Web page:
Nathanial Garrod

Books to read in 2019

By no means is this an exhaustive list of books coming out this year that I am excited about, but it is an overview of books I am aware of – as they year goes on, I hope to spend more time reviewing publication catalogs and requesting ARCs. My hope is to review all of the books on this list on my blog.

It should go without saying that I have pre-ordered all the adult and young adult Star Wars books currently scheduled for publication — though I have started to cancel some of my Star Wars comics pre-orders, as I have not been reading them as they come in.

This is How You Lose the Time War
Amal El-Mothtar & Max Gladstone (July 2019, Saga Press)

The description gets me in its first line – “two time traveling agents from warring futures…” Time Travel is one of my favorite SF genres, and this one looks like good fun! It seems kinda like the Lake House plus cool sci-fi stuff.

Coda Vol 1
Simon Spurrier & Matias Bergara (March 2019, BOOM! Studios)

While I realize that I could easily just read this issue by issue right now, I have come to prefer trade paperback collections. In my comics experience, the convenience of immediacy has been overwhelmed by the inconvenience of storage combined with the convenience of fewer cliffhangers. I have had several friends rave to me about how good Coda has been so far, and I am excited to finally check it out this spring

A Memory Called Empire
Arkady Martine (Tor Books, March 2019)

This space opera debut looks fresh and fun, like a quick pop-y read, along the lines of Scalzi’s Collapsing Empire books. This is one of the books I am most excited about this spring. It is a debut novel, and published by one of my favorite publishers.

Lauren Beukes (April 2019, Mulholland Books)

The last Beukes book I read blew me away, and while I missed a book since The Shining Girls, I still have a lot of enthusiasm for her writing (and it is very likely I will pick up Broken Monsters sometime this year). Dystopia is another favorite – just because it is so accesssible to compare and contrast, and Beukes style and sense of suspense is incomparable.

The Haunting of Tram Car 015
P. Djèlí Clark (February 2019, Tor.Com Publishing) Publishing has been knocking it out of the park with their novellas, and I really hope to see this effort expand to other publishers – nonetheless, The Black God’s Drums (the last story they published by Clark) was one of the most incredible stories I read in 2018. This entry looks fantastic.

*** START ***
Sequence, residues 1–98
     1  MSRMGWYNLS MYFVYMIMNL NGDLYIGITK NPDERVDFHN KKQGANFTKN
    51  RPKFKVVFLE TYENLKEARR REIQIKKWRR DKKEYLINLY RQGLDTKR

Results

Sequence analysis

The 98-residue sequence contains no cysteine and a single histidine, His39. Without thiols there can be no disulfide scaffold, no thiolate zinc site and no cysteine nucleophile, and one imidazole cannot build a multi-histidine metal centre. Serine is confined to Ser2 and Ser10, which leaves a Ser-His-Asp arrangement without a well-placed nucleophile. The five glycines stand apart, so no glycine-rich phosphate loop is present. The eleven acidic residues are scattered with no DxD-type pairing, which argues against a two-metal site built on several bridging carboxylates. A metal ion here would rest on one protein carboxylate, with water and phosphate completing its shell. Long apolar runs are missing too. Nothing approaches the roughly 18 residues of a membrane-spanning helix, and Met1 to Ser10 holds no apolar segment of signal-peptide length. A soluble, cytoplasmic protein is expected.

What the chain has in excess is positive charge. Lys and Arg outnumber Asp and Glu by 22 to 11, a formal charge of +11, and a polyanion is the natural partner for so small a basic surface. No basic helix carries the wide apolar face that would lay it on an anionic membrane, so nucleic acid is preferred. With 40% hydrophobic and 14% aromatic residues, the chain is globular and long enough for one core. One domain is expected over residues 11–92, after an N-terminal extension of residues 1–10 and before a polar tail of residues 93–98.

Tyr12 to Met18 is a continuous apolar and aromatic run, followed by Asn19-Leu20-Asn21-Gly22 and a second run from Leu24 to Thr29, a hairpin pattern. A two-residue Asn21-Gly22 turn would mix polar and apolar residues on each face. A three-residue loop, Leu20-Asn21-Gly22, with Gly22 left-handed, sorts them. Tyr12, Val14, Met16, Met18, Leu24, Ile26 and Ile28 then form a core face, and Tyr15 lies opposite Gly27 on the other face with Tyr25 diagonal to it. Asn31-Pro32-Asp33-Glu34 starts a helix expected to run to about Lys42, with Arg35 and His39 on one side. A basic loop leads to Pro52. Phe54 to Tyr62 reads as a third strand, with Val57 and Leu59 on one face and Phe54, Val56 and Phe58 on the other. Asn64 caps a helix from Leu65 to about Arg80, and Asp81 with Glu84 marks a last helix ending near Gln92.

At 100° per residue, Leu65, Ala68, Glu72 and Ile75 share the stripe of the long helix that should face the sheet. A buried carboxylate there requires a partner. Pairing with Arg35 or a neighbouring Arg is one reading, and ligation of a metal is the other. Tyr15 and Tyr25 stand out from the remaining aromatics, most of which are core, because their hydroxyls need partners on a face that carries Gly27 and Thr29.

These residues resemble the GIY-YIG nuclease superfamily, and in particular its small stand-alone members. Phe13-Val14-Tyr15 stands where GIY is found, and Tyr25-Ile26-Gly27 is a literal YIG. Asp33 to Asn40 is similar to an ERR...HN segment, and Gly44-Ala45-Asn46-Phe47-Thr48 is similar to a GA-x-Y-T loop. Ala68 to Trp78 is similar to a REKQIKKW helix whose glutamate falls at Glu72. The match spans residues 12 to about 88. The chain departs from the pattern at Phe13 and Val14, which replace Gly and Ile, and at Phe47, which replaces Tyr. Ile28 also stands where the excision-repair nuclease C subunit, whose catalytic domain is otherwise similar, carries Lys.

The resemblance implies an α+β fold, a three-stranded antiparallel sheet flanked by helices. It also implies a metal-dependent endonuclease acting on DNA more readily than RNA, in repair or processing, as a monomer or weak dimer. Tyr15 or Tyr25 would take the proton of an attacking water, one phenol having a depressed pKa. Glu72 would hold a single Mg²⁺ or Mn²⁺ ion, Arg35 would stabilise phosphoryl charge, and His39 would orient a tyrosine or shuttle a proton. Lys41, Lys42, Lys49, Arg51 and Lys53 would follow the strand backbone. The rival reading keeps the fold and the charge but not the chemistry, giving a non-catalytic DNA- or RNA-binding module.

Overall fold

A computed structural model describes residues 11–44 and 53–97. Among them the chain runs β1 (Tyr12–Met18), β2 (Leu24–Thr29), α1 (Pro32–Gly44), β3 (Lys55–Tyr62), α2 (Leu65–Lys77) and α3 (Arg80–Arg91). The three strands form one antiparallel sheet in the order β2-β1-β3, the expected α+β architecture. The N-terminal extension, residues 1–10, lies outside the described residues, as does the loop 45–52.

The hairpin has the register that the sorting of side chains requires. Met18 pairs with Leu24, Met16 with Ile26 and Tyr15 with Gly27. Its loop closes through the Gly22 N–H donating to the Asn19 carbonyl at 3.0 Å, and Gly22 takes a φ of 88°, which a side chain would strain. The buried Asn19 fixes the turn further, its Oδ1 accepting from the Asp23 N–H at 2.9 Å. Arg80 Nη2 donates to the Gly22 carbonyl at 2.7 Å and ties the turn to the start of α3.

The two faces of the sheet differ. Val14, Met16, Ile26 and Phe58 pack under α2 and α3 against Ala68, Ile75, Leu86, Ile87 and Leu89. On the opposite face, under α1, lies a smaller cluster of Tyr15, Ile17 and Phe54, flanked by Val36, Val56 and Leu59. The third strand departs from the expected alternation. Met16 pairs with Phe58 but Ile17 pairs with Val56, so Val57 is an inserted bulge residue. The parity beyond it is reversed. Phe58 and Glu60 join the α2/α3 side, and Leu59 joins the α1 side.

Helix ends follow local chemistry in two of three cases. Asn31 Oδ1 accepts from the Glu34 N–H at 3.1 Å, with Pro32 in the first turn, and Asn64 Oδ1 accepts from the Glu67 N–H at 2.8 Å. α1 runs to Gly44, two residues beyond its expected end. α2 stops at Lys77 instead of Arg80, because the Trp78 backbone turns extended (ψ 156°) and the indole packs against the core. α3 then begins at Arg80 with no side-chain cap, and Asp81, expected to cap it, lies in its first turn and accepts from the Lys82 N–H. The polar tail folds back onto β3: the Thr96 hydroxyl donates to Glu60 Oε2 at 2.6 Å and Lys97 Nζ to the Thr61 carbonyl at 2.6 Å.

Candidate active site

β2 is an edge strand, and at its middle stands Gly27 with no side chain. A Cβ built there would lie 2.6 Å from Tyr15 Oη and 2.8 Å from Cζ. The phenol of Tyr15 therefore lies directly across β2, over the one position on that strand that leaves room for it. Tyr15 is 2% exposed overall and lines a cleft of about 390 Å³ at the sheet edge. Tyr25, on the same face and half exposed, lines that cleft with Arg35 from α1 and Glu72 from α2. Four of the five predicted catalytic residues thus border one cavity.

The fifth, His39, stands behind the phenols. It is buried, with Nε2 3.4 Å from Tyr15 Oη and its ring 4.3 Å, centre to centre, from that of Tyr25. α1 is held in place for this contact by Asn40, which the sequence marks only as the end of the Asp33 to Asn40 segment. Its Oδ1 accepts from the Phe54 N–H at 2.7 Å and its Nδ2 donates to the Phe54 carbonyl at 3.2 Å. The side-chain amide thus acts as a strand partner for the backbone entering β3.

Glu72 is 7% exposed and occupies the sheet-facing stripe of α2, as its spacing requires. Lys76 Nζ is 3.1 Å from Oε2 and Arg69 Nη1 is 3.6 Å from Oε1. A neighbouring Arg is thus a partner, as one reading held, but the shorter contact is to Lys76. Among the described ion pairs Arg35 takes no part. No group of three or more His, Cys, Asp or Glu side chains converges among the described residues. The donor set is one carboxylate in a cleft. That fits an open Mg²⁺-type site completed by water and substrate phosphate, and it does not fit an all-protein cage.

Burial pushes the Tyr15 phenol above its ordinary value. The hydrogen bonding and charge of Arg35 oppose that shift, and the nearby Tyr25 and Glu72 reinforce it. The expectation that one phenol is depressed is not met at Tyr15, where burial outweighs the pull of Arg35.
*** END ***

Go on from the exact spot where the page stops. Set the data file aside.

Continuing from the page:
The Ruin of Kings
Jenn Lyons (Tor Books, February 2019)

I have been trying to work my way back into epic fantasy for more exposure to dragons, and this seems like just the way – a long lost prince, lying storybooks and quests! What more could you want? I was lucky enough to acquire an eARC of this volume from Netgalley, and will have a review up in the next few weeks.

A Peoples Future of the United States
Ed. Victor LaValle & John Joseph Adams (One World, February 2019)

It has been awhile since I read collections with any regularity. As I write this, I am halfway through an eARC of this volume, and it is making me regret not reading more short story collections. The inspiration for this one is Howard Zinn’s People’s History of the US. I’ll have a review up for this by the end of this week.

The Redemption of Time
Baoshu (Head of Zeus, July 2019)

I just love that a famous fan fiction of Cixin Liu’s Three-Body Problem universe was so well beloved that the publisher and author decided to add it to the canon and have it translated by the same translator. I have not finished the trilogy that spawned this work, but my goal is to catch up in time for this release.

And of course there’s some books I have not read from previous years that I want to catch up on this year;

The City of Brass by S.A. Chakraborty
I have this out from the library right now, and am hoping to finish it in close enough proximity to the second book release (out in January). This looks like a fun romp through a fantasy kingdom not based on Western European culture, which often feels rare.

The Third Hotel by Laura van den Berg
This looks like a quick and fun read, a suspenseful book that, when I told my wife I was interested in she responded with “well that seems out of your typical interest.” As I diversify what I read this year, I want to not just focus on SF/F as much, but be aware of what is happening in other genres.

How Long ‘til Black Future Month by N.K. Jemison
I have been horribly remiss in not reading any of N.K. Jemison’s writing – Broken Earth series included. I plan to rectify that this year, and likely starting with this volume.

Jade City by Fonda Lee
I bought this book for my Kindle right around the time it was released and still have not read it. A sequel comes out this year

She Would be King by Wayétu Moore
This was on my shortlist for winter 2018, and I was gifted a copy by my sister-in-law for our family Christmas Eve book gifting tradition — an intermingling of magical relapse and history tell a dramatic recreation of the founding of Liberia.

Great Expectations by Charles Dickens
At the end of my senior year of high school, my English teacher gave me this book as a gift – I struggled with being able to make it past the first few pages at the time. He understood and suggested I wait a couple years before trying again. This book has sat on my shelf for a decade. It’s time to read it or move on.

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This entry was posted on January 9, 2019 by in Book Review.